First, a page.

A recent report authored by Xavier Rolet, the former chief of the London Stock Exchange (LSE) has called for the adoption of cryptocurrencies and blank-check firms or SPACs by the UK to progress in the post-Brexit era. He said,
“All the relevant U.K. government agencies should be resourced to thoroughly understand cryptocurrencies place London and the U.K. at the center of a reputable and safe financial market.”
Both cryptocurrencies and Special Purpose Acquisition Companies (SPACs) have come out as the true gainers when the financial world is in shambles. Investors have rushed to invest in crypto and SPACs alike in 2020 when the stock market and government bonds didn’t remain a lucrative choice. U.S. SPACs raised a record $39 billion during the fourth quarter, more than 10 times the same period in 2019. On the other hand crypto industry grew into a trillion-dollar industry indicating the growing demand for these new asset classes.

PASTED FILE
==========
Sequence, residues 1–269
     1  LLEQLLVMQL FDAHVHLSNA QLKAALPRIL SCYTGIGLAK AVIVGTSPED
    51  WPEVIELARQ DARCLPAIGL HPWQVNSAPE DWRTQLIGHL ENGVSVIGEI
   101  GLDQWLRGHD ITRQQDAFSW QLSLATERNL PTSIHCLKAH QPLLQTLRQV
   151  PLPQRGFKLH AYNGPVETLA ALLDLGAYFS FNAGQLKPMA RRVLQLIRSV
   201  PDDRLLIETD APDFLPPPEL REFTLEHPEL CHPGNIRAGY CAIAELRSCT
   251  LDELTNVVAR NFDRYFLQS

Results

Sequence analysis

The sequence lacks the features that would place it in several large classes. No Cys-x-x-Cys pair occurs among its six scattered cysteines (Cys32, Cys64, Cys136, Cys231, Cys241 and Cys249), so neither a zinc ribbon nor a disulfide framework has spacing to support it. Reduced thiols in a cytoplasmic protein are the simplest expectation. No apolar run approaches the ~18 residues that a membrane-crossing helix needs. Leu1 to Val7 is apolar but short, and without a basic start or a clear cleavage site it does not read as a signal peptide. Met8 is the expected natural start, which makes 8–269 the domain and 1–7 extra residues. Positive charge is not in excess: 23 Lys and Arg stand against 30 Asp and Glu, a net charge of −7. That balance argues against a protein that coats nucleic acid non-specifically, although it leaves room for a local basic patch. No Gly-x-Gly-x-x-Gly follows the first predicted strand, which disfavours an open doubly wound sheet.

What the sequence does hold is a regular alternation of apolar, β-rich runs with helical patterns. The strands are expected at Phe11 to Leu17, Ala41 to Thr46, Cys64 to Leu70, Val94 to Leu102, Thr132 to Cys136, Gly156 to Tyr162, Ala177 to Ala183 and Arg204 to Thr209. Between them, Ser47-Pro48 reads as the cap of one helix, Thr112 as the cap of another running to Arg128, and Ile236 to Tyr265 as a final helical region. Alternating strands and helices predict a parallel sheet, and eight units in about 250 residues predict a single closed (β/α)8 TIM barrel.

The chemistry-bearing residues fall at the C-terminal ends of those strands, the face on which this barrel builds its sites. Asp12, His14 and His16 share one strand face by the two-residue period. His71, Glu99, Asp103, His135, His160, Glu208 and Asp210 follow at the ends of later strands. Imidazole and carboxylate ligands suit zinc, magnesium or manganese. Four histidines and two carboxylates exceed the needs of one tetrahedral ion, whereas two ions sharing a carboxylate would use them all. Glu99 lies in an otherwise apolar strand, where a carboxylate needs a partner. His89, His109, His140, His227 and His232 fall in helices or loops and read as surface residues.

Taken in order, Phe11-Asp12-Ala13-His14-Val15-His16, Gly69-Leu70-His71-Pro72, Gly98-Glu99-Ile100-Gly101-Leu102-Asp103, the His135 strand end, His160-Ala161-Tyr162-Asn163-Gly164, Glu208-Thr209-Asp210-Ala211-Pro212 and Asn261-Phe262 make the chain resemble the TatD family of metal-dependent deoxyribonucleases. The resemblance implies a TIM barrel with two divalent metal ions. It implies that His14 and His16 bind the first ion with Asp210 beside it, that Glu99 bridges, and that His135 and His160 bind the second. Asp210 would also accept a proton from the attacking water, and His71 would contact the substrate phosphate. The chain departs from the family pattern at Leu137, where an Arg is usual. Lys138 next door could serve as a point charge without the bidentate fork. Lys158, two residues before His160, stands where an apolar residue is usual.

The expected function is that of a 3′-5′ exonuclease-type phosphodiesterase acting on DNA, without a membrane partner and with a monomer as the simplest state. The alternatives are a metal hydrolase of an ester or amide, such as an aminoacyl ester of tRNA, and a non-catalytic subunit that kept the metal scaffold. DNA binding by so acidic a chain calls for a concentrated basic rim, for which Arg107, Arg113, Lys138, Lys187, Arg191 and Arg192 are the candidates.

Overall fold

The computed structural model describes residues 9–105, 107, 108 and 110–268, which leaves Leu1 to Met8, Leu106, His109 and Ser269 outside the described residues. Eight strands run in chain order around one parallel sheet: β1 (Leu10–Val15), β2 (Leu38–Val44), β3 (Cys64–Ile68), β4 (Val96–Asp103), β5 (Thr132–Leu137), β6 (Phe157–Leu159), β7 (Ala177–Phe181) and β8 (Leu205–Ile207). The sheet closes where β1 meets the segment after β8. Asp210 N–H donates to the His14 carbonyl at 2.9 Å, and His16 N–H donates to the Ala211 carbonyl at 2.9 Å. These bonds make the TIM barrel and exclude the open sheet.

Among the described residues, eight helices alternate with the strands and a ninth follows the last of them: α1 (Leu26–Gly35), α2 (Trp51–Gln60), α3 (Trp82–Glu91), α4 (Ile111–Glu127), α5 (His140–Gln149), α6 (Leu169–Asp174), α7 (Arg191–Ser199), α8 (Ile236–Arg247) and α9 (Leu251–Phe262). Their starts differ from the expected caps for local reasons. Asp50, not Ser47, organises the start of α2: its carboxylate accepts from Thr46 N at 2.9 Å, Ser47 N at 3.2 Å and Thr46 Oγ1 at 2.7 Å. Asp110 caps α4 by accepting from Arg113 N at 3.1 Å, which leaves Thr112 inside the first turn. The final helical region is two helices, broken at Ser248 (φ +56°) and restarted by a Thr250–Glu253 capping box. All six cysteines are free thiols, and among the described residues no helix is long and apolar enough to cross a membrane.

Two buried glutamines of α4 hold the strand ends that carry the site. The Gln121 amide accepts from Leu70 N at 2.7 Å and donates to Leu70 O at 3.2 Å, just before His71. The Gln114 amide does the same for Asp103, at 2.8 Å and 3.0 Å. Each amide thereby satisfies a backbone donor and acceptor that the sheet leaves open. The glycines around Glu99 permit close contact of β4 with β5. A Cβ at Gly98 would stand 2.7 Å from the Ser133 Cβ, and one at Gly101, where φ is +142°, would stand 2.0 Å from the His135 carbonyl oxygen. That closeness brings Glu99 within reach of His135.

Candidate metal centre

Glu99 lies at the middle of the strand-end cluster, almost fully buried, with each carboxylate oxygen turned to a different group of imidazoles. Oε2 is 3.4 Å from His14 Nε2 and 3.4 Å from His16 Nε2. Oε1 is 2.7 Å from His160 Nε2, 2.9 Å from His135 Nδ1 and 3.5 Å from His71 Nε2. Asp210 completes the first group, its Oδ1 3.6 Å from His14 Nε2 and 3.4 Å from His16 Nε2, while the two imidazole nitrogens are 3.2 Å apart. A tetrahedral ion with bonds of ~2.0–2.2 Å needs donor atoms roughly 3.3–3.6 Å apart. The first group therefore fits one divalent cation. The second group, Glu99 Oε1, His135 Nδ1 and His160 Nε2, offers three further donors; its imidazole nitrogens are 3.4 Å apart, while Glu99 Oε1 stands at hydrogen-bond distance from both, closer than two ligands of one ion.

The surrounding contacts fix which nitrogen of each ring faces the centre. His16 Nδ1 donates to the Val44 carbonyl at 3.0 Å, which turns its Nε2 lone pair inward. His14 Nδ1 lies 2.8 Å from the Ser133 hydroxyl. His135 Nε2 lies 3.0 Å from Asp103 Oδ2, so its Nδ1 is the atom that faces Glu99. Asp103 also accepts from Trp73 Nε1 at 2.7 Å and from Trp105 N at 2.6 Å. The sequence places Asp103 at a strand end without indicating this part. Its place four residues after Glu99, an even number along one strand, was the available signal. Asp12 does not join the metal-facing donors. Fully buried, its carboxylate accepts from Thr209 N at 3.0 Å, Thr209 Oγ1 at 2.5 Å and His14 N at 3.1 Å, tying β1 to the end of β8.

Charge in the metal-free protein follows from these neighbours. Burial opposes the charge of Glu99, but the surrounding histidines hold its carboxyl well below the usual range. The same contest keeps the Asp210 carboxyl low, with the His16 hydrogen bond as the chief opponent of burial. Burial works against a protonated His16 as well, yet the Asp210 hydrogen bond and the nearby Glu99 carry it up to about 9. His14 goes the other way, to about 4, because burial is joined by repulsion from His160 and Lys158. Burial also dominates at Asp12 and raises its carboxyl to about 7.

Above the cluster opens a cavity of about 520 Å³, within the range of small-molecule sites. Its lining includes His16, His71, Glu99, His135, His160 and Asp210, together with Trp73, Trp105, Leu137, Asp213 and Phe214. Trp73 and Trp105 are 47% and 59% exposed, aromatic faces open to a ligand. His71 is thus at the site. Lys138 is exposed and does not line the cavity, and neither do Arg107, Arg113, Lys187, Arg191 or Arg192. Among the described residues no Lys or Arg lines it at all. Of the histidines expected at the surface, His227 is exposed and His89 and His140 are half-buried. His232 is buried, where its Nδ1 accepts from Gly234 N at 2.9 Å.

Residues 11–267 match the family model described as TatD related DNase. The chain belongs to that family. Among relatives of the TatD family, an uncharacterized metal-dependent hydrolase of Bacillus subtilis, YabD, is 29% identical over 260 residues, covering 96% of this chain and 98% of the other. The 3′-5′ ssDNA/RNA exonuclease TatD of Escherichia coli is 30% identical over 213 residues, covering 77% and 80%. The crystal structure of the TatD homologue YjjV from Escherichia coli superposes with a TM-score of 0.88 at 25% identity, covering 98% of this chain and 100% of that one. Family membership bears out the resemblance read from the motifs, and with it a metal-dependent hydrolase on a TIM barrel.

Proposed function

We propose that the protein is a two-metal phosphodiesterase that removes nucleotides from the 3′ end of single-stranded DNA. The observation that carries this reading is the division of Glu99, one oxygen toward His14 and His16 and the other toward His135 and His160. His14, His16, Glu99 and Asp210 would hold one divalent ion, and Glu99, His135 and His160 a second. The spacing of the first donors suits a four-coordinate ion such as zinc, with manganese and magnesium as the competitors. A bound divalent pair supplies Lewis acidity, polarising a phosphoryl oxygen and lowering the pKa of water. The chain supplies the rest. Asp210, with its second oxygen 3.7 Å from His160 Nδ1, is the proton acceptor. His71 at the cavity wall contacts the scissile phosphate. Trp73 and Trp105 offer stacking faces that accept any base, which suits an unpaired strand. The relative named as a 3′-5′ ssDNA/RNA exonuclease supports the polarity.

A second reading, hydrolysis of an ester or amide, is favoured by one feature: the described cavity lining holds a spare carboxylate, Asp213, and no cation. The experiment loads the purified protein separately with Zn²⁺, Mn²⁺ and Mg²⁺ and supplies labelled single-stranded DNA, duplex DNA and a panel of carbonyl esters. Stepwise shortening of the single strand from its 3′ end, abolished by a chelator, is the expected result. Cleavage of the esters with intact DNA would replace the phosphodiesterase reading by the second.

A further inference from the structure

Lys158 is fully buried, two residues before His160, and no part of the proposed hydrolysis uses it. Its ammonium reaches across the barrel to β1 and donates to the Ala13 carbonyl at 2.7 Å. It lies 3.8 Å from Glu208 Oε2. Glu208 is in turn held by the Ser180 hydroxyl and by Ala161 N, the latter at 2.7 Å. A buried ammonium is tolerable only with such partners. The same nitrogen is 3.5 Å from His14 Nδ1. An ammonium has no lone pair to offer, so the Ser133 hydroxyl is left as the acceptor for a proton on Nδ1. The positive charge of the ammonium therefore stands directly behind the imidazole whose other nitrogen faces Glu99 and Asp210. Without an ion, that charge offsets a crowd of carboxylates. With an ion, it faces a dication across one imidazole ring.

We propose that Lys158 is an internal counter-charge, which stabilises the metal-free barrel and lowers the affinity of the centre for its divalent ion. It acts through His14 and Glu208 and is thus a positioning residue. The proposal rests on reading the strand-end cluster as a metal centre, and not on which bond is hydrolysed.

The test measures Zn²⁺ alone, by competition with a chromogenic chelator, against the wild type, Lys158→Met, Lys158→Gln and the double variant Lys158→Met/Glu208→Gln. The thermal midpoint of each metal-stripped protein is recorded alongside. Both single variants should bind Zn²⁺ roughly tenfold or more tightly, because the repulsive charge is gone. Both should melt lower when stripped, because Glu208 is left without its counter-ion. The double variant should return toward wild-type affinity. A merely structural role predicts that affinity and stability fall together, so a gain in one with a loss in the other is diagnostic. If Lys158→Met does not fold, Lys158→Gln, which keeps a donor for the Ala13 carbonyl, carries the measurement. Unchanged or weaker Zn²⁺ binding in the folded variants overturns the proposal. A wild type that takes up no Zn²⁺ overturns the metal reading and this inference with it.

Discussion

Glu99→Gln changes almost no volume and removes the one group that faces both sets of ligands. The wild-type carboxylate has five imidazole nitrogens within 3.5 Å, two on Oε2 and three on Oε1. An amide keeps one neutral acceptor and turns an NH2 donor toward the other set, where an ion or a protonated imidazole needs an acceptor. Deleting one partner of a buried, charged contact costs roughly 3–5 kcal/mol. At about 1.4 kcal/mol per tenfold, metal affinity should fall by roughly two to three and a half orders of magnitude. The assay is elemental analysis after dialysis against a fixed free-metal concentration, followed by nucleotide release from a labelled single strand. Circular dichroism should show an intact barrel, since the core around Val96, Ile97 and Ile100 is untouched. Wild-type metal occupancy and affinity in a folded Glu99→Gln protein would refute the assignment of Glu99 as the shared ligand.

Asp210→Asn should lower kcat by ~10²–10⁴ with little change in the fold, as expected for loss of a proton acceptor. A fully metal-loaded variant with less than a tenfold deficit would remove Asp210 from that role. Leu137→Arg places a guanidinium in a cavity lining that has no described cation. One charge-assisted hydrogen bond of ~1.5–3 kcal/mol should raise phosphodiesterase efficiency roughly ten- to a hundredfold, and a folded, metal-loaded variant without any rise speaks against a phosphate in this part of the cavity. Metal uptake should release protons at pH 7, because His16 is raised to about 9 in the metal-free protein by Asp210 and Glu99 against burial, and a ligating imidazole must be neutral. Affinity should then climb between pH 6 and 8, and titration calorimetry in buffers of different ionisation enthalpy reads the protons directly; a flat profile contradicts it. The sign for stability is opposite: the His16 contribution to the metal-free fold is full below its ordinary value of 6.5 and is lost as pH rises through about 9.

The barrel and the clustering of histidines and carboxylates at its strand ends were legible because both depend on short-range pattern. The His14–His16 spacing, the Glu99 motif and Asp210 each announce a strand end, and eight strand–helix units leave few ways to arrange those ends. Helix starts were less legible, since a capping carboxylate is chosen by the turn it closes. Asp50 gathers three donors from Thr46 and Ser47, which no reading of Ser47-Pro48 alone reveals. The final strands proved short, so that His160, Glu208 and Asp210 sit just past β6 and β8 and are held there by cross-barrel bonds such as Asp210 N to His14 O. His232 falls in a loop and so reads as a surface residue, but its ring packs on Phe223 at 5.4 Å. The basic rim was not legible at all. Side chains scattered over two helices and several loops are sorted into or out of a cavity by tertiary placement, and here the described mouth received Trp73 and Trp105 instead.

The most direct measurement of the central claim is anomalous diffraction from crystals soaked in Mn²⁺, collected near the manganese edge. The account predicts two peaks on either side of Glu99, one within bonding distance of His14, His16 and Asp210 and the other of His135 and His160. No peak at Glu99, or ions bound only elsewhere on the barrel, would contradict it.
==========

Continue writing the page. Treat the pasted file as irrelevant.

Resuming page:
Former LSE Chief Calls For Regulatory Alignment to Beat European Union
Rolet in his report also talked about the importance of regulatory clearance when it comes to the new asset class and called for aligning regulatory control with the US capital market and China to leave the European Union behind. However, despite the Brexit deal, Britain would still have several financial ties with the European Union which could prove to be a hurdle when it comes to regulatory unity.
Digital assets or cryptocurrencies started drawing mainstream attention when Bitcoin started to rise towards the end of October and by the start of the new year, it had already broken its previous ATH of 2017. 2021 saw institutions such as MicroStrategy, Tesla, Square Inc, and many other un-disclosed companies invest in Bitcoin.
The US is already looking to regulate cryptocurrencies positively to compete with China in the digital currency space while many other European nations have made a similar call. Thus, the demand put forward by the former LSE chief seems to be because of growing regulatory changes around the globe.